ENGLISH POETRY 1579-1830: SPENSER AND THE TRADITION
Anonymous, "To the Memory of Mr. Thomson, Author of The Seasons" Newcastle General Magazine 1 (November 1748) 542.
1726 ca.: Aaron Hill
1727: David Mallet
1729: Edward Young
1729: Richard Savage
1729: Joseph Mitchell
1733: Richard Savage
1734: Rev. James De La Cour
1736: Gibert West
1736: Rev. Moses Browne
1736: Alexander Bayne
1746: William Shenstone
1746: Alexander Carlyle
1748: George Lyttelton
1748: Robert Shiels
1748 ca.: Anonymous
1748 ca.: William Shenstone
1748: Rev. James De La Cour
1749: William Collins
1750: George Lyttelton
1750 ca.: Rev. William Thompson
1751: Moses Mendez
1758: G. G.
1763: Rev. William Thompson
1770: J. S.
1770: W. B.
1773: Rev. William Hayward Roberts
1776: Samuel Johnson
1778: James Beattie
1782: J. Gest of Modbury
1788: Thomas Trotter
1790 ca.: Edmond Malone
1790: Helen Maria Williams
1791: Robert Burns
1791: Mr. William Taylor
1791: Thomas Park
1792: John Corry
1795: Dr. Robert Anderson
1796: Charles Graham
1797: Thomas Park
1798: Alexander Campbell
1800: Mr. Woods
1802: W. G.
1803: Thomas Clio Rickman
1805: Walter Savage Landor
1806: Dr. John Aikin
1807: Robert Southey
1807: Rev. Percival Stockdale
1813: Rev. William Cameron
1814: Leigh Hunt
1814: Thomas Barnes
1814: George Noble
1815: William Wordsworth
1816: George Scott
1818: Rev. Francis Hodgson
1818: A. C. L.
1818: Robert Carruthers
1822: Joseph Robertson
1824: William Hazlitt
1824: Bryan Waller Procter
1825 ca.: Henry Mackenzie
1825: Allan Cunningham
1825: Bryan Waller Procter
1826: Richard Ryan
1829: William Wordsworth
1829: Anna Brownell Jameson
1830: Rev. George Barrell Cheever
1831: John Wilson
1832: John Taylor Esq.
1835 ca.: Charles Crocker
1836: Rev. Thomas Frognall Dibdin
1836: L. L.
1842: Robert Story
1880: George Saintsbury
1882: Epes Sargent
1894: William Minto
Pensive and sad within the Cypress Grove,
Soul-raising Poetry methinks I see
In mourning Weeds array'd, and stretch'd along
The verdant Couch; her drooping Head inclin'd
On her Left Hand; just fallen from her Right.
Her golden Lyre unstrung neglected lies
In Silence on the Ground: around her wait
The Pow'rs of Harmony all mute; their Eyes
Swimming in Tears, bespeak some great Distress,
And gnawing Sorrow working in the Soul.
Nor could the Goddess long conceal her Woe,
But thus bursts forth, — O Thompson, best of Sons!
Of British Bards my first, my best-belov'd,
With thee entomb'd my chiefest Glory lies.
Too long a Prostitute to Vice deform'd
By Bards unhallow'd made, to wanton Ears,
I, Syren-like, sung lewd lascivious Strains,
And fed, with Flames impure, their foul Desires;
Or gave to Malice Vent in envious Rhymes,
Or play'd with Toys, or idoliz'd the Fair:
'Till by thee rescu'd from their Hands prophane,
I strung my Harp a-new to Themes divine,
(Such as to mortal Ears at first I sung)
And in soft swelling Numbers taught the Soul
To Love and praise the God of Seasons, who
Diffuses wide his Blessings thro' the Year.
Thou all my Charms in Virtue's Cause employed,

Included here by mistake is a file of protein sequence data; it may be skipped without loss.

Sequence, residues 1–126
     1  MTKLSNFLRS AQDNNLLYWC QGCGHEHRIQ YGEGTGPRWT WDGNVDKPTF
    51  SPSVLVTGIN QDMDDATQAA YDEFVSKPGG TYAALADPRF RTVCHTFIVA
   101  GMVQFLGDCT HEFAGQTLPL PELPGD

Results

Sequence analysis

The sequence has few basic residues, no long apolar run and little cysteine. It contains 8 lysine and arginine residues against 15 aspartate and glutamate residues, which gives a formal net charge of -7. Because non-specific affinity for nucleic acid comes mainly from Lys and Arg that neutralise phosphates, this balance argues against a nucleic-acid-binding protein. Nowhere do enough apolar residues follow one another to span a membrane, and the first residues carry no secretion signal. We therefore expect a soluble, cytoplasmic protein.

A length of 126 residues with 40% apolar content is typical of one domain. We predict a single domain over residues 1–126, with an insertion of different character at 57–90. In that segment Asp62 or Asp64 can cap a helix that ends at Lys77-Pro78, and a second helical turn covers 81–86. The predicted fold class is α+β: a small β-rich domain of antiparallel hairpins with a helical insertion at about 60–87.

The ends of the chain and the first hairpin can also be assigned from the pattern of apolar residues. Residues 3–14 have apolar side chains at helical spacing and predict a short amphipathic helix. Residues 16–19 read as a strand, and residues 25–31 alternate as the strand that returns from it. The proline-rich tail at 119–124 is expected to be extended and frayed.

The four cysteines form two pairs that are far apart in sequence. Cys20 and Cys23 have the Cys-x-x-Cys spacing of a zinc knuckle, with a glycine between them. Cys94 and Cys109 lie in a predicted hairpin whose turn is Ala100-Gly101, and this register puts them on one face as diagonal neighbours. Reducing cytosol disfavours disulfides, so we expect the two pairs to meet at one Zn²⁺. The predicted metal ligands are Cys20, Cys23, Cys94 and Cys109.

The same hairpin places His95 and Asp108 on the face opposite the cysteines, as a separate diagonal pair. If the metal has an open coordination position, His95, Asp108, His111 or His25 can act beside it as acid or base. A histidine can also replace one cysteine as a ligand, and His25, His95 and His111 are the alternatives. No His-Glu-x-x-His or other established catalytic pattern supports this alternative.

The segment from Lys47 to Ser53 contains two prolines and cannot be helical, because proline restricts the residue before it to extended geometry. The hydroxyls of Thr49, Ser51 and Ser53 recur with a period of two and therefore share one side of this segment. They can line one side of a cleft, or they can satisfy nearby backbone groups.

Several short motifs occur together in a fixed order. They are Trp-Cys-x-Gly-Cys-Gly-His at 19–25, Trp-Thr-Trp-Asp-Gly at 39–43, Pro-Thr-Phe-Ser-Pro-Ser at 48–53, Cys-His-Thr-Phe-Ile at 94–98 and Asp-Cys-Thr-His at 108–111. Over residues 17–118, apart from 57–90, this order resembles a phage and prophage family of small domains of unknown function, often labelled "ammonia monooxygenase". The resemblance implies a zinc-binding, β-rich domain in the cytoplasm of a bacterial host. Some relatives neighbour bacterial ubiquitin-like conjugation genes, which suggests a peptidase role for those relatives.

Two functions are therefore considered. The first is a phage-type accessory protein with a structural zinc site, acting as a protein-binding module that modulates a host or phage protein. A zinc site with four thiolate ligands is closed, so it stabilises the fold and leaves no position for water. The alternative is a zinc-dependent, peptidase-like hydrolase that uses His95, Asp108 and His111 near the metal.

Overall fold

And Liberty's. Attun'd by thee, I made
Winter wrapt in his Snowy Mantle please,
And taught the roaring Storms aloud to praise
Him, who Majestick rides the swift wing'd Winds.
The Spring a-fresh I spread to Fancy's View
A cheering Verdure, each enchanting Line
Painting the Meads a-new with various Dyes.
The Summer's full blown Charms and keener Rays
To kindle in the Breast seraphick Flames;
While teeming Nature pours her richest Gifts
Around our smiling Ball. When Autumn comes
Stooping beneath his yellow Load, and bids
The jolly Swain his Sickle use, and reap
With thankful Heart the Fruit of all his Toils;
Unable, without Raptures, to survey;
All Nature's Parent from his boundless Stores
Streaming his Bounty forth, the grateful Muse
Breaks out in a devout exstatick Hymn.
When with thee I did raise the Patriot Strain
To sing of Liberty, with full spread Wing,
Tracing the goddess as she shifts her Sway,
From East to West, from learned Greece to Rome;
Till curs'd Ambition and Corruption hatch'd
The Monster Tyranny, who closely bound
The groaning World in adamantine Chains,
And Freedom banish'd from the Continent
To dwell with Britons (o'er them may she reign
Till Nature groan her last, and Earth's no more)
What noble Zeal for publick Virtue flam'd,
Thro' each enraptur'd Verse? The justest Thoughts,
And wisest Maxims strike with double Force
The Soul, as from thy Quill they dropt adorn'd
With every Grace and Beauty that is mine.
And in what rousing Numbers didst thou sing
Britannia mourning on the Sea-beat Shore,
Her Sons degen'rate, and her Flag despis'd?
Or when thy Muse in Buskins trode the Stage,
Each Thought was chaste, and ev'ry Scene did tend
To mend the Heart, and raise Men to the Skies.
At last, as Prelude to thy own Escape,
Thou form'd the Castle of soft Indolence,
Broke Pleasure's Net, and bad Mankind be free,
Soar above Sense, and taste sublimer Joys.
But raising now celestial Hymns, thou tun'st
Th' angelick Harp in concert with the Choirs
Of Saints, of Seraphs, and of Seraphims.
She said, — and Fancy clos'd the mournful Scene.
Lanerk, Sept. 8, 1748.